How could I resist such an opportunity?  But it all had to be hush-hush.

In the following months after that first meeting we spent a lot of time together.  I stalked Howard on the campaign trail as he stood as a sole candidate for the Legalise Cannabis Party – for which he received a couple of hundred votes.  Subsequently Michael Wearing and myself spent a couple of weeks in Mallorca with Howard and his family.  Every day I would trawl through his voluminous archives checking every fact against his own account whilst Wearing sunned himself by Howard’s pool.  At the end of each day I was desperate for a drink – my own drug of choice, arguably more lethal than his.  For Howard, who had been smoking from dawn to dusk, remained fascinatingly coherent as he discoursed on current trends in scientific discovery.


The Hemperor: Howard Marks (13 Aug 1945 – 10  April 2016)

It all went wrong when Wearing was ignominiously cashiered from the Beeb after making unguarded remarks about John Birt which an unscrupulous journo published.  From then on it was downhill all the way.  I had a call from a Sunday Times reporter who asked whether I thought it was ethical that public money should be given to a convicted felon.  My reply was that I had been hired to adapt a book which was Number One on his own paper’s non-fiction chart.

My disillusionment began to set in when I went to see Howard’s inaugural performance at the Shepherd’s Bush Empire.  The gig was sold out and scalpers were flogging seats far above the ticket price.  Most of his audience could not have been born when he made his first connection.  They idolised him.  He bathed in their applause.  Howard Marks had achieved what he had always aspired to: Celebrity.  He had become Robin Hood.  If he could have held a tune he would probably never have had to engage in a profession which guaranteed a rock star lifestyle.

Howard believed in what he did.  He never, as far as I know, dealt in any ‘harder’ drugs.  He was a champion of free speech and freedom of action.  He had a fine mind.  I enjoyed his charismatic company much more than, I suppose, he tolerated mine. It’s criminal that some methods people choose to get off their heads are considered illegal whilst others are advertised, taxed and encouraged.  But whilst such absurdities prevail there is no such thing as a victimless crime.

DOTU Round logoDawn of the Unread is a graphic novel celebrating Nottingham’s literary history. It was created to support libraries and bookshops. It began life online and won the Teaching Excellence Award at the Guardian Education Awards in 2015 and has since been published by Spokesman Books (2017). All profits go towards UNESCO Nottingham City of Literature.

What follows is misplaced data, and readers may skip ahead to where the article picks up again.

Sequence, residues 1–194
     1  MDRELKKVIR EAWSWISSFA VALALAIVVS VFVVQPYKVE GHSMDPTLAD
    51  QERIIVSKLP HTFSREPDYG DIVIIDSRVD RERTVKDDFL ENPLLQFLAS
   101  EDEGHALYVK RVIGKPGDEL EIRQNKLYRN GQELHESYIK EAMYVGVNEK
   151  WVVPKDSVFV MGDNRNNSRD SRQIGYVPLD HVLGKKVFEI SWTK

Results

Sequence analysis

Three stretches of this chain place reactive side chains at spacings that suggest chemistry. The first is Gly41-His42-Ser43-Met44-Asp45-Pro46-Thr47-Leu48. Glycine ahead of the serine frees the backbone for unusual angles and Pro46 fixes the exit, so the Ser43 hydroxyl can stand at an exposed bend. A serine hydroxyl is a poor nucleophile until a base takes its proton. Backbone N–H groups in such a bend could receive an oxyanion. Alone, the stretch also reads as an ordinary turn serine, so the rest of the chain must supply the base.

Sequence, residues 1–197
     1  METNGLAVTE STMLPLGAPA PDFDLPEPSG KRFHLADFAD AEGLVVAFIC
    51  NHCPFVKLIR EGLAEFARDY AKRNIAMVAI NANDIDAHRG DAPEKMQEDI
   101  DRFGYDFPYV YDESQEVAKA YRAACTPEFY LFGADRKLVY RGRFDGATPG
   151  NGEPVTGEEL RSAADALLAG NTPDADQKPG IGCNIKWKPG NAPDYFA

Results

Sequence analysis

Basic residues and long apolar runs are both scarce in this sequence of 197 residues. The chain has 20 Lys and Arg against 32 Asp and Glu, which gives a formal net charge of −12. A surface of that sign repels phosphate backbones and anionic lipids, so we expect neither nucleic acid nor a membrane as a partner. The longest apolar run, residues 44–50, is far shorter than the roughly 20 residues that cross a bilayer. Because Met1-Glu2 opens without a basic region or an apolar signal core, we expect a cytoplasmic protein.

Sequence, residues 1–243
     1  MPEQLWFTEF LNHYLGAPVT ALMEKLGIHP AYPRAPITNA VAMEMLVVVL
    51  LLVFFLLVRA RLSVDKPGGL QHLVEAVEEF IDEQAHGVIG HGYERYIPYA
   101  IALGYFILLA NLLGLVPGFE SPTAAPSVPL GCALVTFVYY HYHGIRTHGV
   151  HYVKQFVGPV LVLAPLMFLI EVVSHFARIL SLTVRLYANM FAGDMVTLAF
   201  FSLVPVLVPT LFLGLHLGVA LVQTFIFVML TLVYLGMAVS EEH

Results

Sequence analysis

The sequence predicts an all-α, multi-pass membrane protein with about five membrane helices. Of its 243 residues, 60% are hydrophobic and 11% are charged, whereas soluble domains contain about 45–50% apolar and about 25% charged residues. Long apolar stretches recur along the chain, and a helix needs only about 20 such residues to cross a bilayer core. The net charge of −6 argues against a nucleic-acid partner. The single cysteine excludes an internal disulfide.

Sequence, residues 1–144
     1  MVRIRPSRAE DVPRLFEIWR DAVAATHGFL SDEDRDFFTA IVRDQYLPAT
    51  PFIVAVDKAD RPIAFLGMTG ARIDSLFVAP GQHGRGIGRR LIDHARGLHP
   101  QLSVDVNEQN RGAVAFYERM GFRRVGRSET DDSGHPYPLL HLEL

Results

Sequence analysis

#MondayBlogs I know what our writers did this summer

We’re currently working on a print version of the Dawn of the Unread serial and then I’ll be going into hibernation as I begin 6 months of research into a possible part II to our literary graphic novel. It’s tentatively titled Untold Stories and will give voice to those who dare not, or cannot, speak for fear of persecution. But more of this another time. For now, here’s a quick update on what some of our writers and artists have been up to. 

Kate Ashwin, the artist for our Byron Clough issue, achieved the first stretch goal of her kickstarter campaign in record time, waking the next morning to discover she’d reached her pledged goal of £4,000. At the time of writing she’s nearly doubled her original goal. The money will enable her to print the latest issue of her Victorian adventure romp Widdershins: The Green-Eyed Monster. She’s also dyed her hair blue.


Nicola Monaghan (aka Valentine) explored the life of Alma Reville in issue 6. In addition to offering aspiring writers advice via trance tracks, she’s found a digital publisher in Blue Morpho Press. The Troll book 1 is out now and book 2 is due to follow any time soon. You can also read her first collection of short stories ‘The Night Lingers and other stories’ or sit back and enjoy her forthcoming film STARCROSS. Phew, that girl’s been busy.

nick wood three

In Issue 8 Nick Wood gave us an insight into book adaptations. ‘First thing I do is skim read. Quick as I can. Finish. Close the book. Try and forget it. Let a week pass. Write down those things that come first to my mind. Somewhere, somehow, in that process I’ll start to get a feel for the book. What it’s about. And whether I want to adapt it.’

In the exclusive article, Nick expressed his desire to adapt Mick Jackson’s The Underground Man. It’s been a long time coming. It’s had to battle its way through round after round of arts cuts but thanks to persistence, cracking source material, and the support and determination of Nottingham Playhouse, Nick will be bringing this incredible story to the stage on 27 September 2016. It will be a co – production between Nottingham Playhouse and ajtc Theatre Company. After opening in Nottingham it will tour the region before spreading out nationally.

God Save The Teen A3